Apparently The Violence Against Women Act died last night.  How could this happen?  How does a country founded on freedom and equal rights continue to deny that very thing to certain people?  How can House Majority Leader Eric Cantor have supported such a bill while he was seemingly working to support other non-partisan efforts.

For those just tuning in, one of the items up for consideration at the conclusion of the 112th Congress was the Senate bill reauthorizing the Violence Against Women Act, otherwise known as VAWA.  This act was originally passed in 1994.  This time when it came up for renewal, the Senate version had newly added tribal protections for American Indian women, granting tribes limited authority to prosecute sexual-assault crimes on their lands–whether the crimes are committed by American Indians or not.  Eric Cantor campaigned against this version of the bill.  Instead, Cantor offered up a version which excluded the new American Indian protections, along with those for undocumented immigrants as well as lesbian and trans women, which the House passed.

Eric Cantor did not offer up any reasons for his actions to deny every woman in America the same legal protections against violent perpetrators.   When MSNBC reported this story, they listed the following quotes:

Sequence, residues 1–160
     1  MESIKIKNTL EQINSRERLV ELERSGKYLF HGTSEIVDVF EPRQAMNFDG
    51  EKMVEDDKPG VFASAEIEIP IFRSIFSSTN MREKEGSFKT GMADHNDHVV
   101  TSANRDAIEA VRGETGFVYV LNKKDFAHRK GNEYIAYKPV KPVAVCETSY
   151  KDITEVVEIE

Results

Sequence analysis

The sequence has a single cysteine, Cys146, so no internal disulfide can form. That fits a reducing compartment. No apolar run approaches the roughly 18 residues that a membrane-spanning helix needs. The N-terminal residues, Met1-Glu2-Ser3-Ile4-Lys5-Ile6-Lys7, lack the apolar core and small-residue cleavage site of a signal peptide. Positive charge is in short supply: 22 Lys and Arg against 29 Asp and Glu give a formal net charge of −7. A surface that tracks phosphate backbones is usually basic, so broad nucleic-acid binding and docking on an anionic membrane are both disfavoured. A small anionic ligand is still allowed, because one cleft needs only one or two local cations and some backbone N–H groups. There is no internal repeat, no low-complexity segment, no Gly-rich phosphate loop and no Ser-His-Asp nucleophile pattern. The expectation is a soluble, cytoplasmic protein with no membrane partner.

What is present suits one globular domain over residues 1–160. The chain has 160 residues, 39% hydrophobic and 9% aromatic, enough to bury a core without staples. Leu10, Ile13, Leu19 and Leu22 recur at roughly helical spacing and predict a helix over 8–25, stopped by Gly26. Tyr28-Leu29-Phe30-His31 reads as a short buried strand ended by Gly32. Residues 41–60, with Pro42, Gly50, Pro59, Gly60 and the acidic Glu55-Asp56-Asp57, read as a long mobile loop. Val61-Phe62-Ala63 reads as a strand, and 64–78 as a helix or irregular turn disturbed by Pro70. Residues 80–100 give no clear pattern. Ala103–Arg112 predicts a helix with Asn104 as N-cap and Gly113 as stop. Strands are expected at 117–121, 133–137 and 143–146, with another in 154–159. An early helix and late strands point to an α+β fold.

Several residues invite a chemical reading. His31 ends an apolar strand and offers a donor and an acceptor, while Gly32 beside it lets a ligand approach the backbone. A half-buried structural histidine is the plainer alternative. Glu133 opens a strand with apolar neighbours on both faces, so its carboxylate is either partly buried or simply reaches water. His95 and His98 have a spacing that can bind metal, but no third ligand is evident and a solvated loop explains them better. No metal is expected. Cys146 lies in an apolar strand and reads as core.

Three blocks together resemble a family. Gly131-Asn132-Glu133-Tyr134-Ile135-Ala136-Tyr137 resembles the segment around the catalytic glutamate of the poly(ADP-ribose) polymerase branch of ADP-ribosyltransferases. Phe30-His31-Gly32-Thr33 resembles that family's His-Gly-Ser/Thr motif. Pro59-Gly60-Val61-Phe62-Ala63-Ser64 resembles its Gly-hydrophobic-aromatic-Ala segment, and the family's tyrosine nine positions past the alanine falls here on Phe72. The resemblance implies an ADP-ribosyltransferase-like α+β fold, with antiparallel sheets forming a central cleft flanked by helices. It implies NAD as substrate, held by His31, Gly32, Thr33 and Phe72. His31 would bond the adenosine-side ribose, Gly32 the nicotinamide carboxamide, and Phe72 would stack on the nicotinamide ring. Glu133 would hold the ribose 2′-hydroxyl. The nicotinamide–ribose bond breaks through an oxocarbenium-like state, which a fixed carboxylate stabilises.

•  In December on Melissa Harris-Perry, National Organization for Women President Terry O’Neill said the fight was “draining the resources of the advocacy groups that have been working on re-authorization for two solid years. Many of the advocacy groups also provide services; their resources are being drained. I don’t think that’s a mistake.”
  • The chief Democratic advocate for the VAWA reauthorization, Sen. Patty Murray of Washington, released a statement that was reported in Jezebel:  “The House Republican leadership’s failure to take up and pass the Senate’s bipartisan and inclusive VAWA bill is inexcusable. This is a bill that passed with 68 votes in the Senate and that extends the bill’s protections to 30 million more women. But this seems to be how House Republican leadership operates. No matter how broad the bipartisan support, no matter who gets hurt in the process, the politics of the right wing of their party always comes first.”

Can a representative for the people, and the GOP,  really be so indifferent to the rights of women?  Is what O’Neill suggested, a desire and plan to exhaust advocacy groups and their resource, really true?  Why be determined to so actively block equal protections for only certain groups of women: Native American, Undocumented Immigrants, and those who identify as Lesbian and Transgender?   Don’t you want to demand an explanation?

Feel free to contact his office and ask.